Johnson, Corbyn clash in final debate before U.K. election
Opposition Labour Party leader Jeremy Corbyn, left, and Britain's Prime Minister Boris Johnson, during a head to head live Election Debate at the BBC TV studios in Maidstone, England, Friday Dec. 6, 2019. Britain's Brexit is one of the main issues for political parties and for voters, as the UK prepares for a General Election on Dec. 12. (Jeff Overs/BBC via AP)
LONDON -- LONDON -- British Prime Minister Boris Johnson and opposition Labour Party leader Jeremy Corbyn clashed Friday night in the last head-to-head debate before a general election in six days -- an underpowered showdown that saw both men stick to well-worn phrases and promises about their plans for Brexit and Britain's future.
Johnson, a Conservative who supports Britain's exit from the European Union, tried to portray Corbyn as a waffler with no firm Brexit stance who would plunge the U.K. into more uncertainty. Corbyn reminded viewers about the Conservative government's spending cuts, and claimed Johnson was bent on striking a trade deal with the United States that might harm Britain's interests.
Each questioned the other's character. Johnson accused Corbyn of a "failure of leadership" for failing to stamp out anti-Semitism in his party. Corbyn retorted that "a failure of leadership is when you use racist remarks," as Johnson has done in newspapers and magazines.
BBC moderator Nick Robinson suggested voters faced an "impossible choice" between two unpopular leaders. That impression was reinforced Friday when two former prime ministers criticized their own party's contenders. Former Conservative premier John Major called Brexit the "worst foreign policy decision in my lifetime," while ex-Labour leader Tony Blair urged voters to make the best of a "horrible" choice."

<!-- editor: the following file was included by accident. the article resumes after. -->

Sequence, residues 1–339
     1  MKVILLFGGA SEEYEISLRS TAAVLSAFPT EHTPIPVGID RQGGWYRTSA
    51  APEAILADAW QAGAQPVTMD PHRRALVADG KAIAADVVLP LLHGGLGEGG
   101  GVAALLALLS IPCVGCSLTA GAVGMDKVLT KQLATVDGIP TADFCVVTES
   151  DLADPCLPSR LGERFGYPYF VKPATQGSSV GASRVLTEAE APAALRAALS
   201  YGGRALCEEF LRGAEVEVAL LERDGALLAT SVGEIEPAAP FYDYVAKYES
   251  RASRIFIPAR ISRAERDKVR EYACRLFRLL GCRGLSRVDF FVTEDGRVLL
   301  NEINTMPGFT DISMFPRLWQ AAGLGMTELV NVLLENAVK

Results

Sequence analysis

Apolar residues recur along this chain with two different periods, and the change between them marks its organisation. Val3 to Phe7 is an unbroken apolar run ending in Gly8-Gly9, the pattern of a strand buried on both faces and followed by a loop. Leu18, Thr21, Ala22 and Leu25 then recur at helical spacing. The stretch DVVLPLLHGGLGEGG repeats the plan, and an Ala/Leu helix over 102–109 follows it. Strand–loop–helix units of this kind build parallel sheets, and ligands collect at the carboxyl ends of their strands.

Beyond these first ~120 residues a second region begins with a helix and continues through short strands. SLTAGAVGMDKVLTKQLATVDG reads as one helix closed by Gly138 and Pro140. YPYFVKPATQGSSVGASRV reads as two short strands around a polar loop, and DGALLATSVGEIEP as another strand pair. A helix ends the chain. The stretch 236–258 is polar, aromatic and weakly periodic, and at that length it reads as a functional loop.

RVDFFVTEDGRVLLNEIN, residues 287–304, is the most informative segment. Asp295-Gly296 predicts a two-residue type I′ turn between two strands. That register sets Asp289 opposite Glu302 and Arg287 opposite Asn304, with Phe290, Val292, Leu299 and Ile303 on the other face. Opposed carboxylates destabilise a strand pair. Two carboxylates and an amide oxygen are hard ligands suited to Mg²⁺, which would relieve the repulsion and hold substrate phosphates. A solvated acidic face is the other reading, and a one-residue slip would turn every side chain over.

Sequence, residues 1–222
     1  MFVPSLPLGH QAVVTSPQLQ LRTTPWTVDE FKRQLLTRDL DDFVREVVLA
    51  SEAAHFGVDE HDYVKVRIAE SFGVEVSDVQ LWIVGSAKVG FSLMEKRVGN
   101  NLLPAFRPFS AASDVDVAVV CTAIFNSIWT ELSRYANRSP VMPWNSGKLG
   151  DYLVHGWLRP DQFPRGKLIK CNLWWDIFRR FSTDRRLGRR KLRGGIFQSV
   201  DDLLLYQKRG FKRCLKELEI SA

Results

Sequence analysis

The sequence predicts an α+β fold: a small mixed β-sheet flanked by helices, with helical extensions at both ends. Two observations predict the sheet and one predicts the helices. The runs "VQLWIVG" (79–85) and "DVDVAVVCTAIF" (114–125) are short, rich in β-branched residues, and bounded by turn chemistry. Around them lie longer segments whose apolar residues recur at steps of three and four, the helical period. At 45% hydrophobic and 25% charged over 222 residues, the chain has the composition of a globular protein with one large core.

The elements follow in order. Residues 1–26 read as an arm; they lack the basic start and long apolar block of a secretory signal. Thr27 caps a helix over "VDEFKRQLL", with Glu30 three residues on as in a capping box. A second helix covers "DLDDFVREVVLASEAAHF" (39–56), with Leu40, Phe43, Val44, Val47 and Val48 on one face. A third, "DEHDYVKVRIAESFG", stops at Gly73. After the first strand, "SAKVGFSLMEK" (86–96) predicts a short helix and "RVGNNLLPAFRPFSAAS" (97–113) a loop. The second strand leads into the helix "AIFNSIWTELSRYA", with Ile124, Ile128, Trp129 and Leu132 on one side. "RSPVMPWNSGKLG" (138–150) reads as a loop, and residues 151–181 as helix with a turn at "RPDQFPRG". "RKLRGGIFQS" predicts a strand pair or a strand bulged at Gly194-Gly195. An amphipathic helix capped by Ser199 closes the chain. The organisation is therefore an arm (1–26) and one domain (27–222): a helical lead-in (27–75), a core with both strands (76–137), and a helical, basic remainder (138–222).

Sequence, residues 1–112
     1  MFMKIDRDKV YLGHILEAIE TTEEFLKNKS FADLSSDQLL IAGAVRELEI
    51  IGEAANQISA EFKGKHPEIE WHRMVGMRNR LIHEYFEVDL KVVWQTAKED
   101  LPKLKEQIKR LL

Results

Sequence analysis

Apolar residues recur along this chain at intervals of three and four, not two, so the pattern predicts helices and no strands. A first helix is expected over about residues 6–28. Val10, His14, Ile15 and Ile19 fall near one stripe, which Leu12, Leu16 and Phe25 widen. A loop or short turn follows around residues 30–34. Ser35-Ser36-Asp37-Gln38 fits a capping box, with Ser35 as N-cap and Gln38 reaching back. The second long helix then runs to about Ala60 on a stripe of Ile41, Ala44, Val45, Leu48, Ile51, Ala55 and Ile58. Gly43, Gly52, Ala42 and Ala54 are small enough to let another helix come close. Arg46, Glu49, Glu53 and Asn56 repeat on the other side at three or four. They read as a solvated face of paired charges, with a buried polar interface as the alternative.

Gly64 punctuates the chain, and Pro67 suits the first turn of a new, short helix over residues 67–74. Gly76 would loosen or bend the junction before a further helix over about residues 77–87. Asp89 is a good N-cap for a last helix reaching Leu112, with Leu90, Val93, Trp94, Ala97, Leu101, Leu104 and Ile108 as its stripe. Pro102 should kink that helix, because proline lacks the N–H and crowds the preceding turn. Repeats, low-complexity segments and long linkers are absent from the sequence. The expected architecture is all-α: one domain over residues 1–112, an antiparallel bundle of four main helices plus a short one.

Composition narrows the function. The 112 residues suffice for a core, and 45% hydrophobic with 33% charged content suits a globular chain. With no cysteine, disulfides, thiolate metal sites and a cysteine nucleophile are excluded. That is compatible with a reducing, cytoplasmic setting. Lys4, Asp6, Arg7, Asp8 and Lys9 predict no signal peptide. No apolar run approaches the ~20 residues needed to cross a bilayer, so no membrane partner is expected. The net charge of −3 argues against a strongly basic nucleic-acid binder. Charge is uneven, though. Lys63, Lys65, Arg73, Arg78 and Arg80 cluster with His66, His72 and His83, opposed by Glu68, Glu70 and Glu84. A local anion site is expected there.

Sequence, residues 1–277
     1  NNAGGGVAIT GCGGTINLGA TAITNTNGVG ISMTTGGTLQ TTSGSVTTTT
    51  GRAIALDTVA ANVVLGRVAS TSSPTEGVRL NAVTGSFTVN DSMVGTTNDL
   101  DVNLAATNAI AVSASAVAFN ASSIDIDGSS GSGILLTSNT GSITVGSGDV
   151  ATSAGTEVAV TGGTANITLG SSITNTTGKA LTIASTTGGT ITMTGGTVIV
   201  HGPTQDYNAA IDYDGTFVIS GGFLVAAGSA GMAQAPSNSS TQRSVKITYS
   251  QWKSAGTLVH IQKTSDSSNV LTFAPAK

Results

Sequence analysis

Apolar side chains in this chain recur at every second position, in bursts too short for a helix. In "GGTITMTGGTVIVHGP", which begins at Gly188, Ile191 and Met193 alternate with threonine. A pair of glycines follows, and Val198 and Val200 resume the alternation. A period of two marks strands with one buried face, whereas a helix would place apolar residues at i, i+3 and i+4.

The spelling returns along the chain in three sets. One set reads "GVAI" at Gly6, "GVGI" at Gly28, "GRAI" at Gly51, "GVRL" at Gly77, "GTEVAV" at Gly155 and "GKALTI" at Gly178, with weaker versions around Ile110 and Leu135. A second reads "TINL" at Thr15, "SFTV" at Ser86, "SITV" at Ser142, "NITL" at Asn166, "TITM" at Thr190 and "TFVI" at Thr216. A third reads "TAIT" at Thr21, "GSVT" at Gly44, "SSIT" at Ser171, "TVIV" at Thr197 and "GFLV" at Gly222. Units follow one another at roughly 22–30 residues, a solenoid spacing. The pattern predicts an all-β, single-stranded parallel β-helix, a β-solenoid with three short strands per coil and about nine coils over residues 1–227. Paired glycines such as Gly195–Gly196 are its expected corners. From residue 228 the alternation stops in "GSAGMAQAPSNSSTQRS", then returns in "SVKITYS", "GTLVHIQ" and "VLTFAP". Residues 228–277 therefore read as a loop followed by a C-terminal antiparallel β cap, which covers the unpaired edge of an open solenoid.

Opinion polls put Johnson's Conservatives ahead of the Labour opposition before the election next Thursday, in which all 650 House of Commons seats are up for grabs.
The Conservatives had a minority government before the election, and Johnson pushed for the Dec. 12 vote, which is taking place more than two years early, in hopes of winning a majority and breaking Britain's political impasse over Brexit. He says that if the Conservatives win a majority, he will get Parliament to ratify his Brexit divorce deal and take the U.K. out of the EU by the current Jan. 31 deadline.
In the debate, Johnson contrasted that promise with Corbyn's refusal to say whether he favoured leaving the bloc or remaining. Labour has promised to negotiate a new Brexit deal, then give voters a choice between leaving on those terms and remaining in the bloc. Corbyn says he would be neutral in that referendum.
"You cannot end the uncertainty on Brexit if you do not know what the deal is that you want to do," Johnson said. "You cannot negotiate a deal if you are neutral on it."
Johnson's opponents say his promise to "get Brexit done" rings hollow, because leaving the bloc will be the prelude to months or years of complex trade negotiations.
Corbyn claimed that under a Johnson government, Britain would "walk out of the EU into a relationship with nobody" and spend years trying to strike a new trade deal with the United States. He said that would bring "seven years of complete uncertainty and continued job losses in manufacturing and industry."